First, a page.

would mean a new war), we reduce the options to
51. The Meroitic - Oromo Migration from Kush XThe migrating Meroites could go either to the vast
areas of the Eastern and the Western deserts or
enter the African jungle or ultimately search a
possibly free land that, being arable and good for
pasture, would keep them far from the sphere of
the Christian Axumites. It would be very
erroneous to expect settled people to move to the
desert. Such an eventuality would be a unique
oxymoron in the history of the mankind. Nomadic
peoples move from the steppes, the savannas and
the deserts to fertile lands, and they settle there, or
cross long distances through steppes and deserts.
However, settled people, if under pressure, move
to other fertile lands that offer them the possibility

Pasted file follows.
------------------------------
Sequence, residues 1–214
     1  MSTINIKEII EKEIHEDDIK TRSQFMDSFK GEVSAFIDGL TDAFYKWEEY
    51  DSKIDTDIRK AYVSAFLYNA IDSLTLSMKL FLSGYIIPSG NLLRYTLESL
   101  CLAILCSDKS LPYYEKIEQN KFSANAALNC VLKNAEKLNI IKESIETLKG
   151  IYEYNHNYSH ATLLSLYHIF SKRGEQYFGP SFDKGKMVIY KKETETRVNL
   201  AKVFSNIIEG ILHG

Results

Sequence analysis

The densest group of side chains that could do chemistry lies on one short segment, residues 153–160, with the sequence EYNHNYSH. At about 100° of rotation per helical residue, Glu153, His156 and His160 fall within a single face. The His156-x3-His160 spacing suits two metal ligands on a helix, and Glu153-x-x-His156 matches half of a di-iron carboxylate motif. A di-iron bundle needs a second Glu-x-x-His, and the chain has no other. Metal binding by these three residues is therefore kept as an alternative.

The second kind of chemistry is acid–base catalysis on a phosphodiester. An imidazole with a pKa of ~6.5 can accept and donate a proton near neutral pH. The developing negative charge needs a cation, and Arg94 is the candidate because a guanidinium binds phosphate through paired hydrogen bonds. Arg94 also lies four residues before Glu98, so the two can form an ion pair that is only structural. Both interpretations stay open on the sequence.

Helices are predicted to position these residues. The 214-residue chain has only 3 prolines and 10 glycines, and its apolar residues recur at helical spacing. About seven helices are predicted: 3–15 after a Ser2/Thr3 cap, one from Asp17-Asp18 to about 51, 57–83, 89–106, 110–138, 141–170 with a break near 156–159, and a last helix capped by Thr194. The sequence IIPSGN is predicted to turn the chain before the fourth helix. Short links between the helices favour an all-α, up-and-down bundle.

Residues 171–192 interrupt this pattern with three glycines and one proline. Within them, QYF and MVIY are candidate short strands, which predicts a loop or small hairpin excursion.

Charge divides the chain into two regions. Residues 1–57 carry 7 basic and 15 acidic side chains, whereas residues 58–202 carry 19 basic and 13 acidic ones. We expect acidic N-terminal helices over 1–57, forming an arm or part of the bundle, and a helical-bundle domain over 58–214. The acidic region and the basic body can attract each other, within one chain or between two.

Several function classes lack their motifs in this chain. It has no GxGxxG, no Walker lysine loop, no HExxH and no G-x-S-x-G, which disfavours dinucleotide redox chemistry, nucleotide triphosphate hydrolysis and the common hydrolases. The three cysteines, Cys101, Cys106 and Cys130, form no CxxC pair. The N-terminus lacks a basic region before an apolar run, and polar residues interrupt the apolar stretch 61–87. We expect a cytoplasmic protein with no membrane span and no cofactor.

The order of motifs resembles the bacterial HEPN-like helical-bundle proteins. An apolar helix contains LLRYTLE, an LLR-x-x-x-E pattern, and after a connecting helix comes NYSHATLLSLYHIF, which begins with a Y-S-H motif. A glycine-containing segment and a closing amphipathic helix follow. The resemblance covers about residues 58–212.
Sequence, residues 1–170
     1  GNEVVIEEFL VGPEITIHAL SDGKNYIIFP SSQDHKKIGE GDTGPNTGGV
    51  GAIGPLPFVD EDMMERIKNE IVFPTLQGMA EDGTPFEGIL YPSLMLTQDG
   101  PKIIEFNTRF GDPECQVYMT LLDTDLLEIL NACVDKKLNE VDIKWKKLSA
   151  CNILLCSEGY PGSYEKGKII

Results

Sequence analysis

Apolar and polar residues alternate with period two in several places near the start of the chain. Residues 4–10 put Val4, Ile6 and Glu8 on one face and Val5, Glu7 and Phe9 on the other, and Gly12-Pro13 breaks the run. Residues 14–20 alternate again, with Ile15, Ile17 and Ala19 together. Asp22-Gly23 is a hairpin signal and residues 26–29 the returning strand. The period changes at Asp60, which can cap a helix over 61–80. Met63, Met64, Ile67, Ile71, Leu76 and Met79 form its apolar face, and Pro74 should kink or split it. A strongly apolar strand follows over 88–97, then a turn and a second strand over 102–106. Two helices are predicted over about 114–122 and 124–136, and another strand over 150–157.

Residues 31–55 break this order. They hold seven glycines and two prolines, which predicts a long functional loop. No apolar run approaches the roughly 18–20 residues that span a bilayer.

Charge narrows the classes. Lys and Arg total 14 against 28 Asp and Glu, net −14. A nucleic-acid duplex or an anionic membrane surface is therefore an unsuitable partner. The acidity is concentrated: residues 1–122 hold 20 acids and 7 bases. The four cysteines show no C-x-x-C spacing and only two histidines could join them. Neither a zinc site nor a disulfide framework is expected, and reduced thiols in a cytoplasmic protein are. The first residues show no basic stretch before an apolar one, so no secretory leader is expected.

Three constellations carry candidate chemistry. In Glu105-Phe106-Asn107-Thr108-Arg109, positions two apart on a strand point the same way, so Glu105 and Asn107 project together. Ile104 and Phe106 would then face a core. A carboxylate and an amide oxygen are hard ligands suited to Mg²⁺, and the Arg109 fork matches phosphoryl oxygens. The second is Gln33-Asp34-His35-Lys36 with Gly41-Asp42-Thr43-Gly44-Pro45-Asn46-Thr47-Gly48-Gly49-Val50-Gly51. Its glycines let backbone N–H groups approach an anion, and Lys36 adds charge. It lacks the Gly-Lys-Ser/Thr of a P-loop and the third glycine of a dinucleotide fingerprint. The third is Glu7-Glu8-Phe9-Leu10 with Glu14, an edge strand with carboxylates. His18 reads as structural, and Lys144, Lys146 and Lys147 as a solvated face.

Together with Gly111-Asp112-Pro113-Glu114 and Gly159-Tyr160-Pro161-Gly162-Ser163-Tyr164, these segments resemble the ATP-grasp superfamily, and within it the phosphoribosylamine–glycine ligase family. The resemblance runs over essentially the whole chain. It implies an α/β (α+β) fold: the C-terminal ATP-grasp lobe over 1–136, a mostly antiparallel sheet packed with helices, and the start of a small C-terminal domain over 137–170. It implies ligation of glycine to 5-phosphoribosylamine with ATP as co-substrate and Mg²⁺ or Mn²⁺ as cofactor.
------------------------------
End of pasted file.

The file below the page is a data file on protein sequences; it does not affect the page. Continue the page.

of cultivation and pasture.
53. The Meroitic - Oromo Migration from Kush XIThe few scholars who think that Meroitic continuity
could be found among the present day Beja and
Hadendawa are oblivious to the aforementioned
reality of the world history, and of the fact that it
was never contravened.
In addition, the Blemmyes were never friendly to the
Meroites. Every now and then, they had attacked
parts of the Nile valley and the Meroites had had
to repulse them thence. It would rather be
inconceivable for the Meroitic population, after
seeing Meroe sacked by Ezana, to move to a land
where life would be difficult and where other
enemies would wait them!
54. The Meroitic - Oromo Migration from Kush XIIIt is essential to stress here that the entire
environmental milieu of Sudan was very different
during the times of the Late Antiquity that we
examine in our approach.
Butana may look like a wasteland nowadays, and
the Pyramids of Bagrawiyah may be sunk in the
sand, whereas Mussawarat es Sufra and Naqah
demand a real effort in crossing the desert, but in
the first centuries of Christian era, the entire
landscape was dramatically different.
55. The Meroitic - Oromo Migration from Kush XIIIIn ancient times, Butana was not a desert but a
fertile cultivated land. We have actually found
remains of reservoirs, aqueducts, various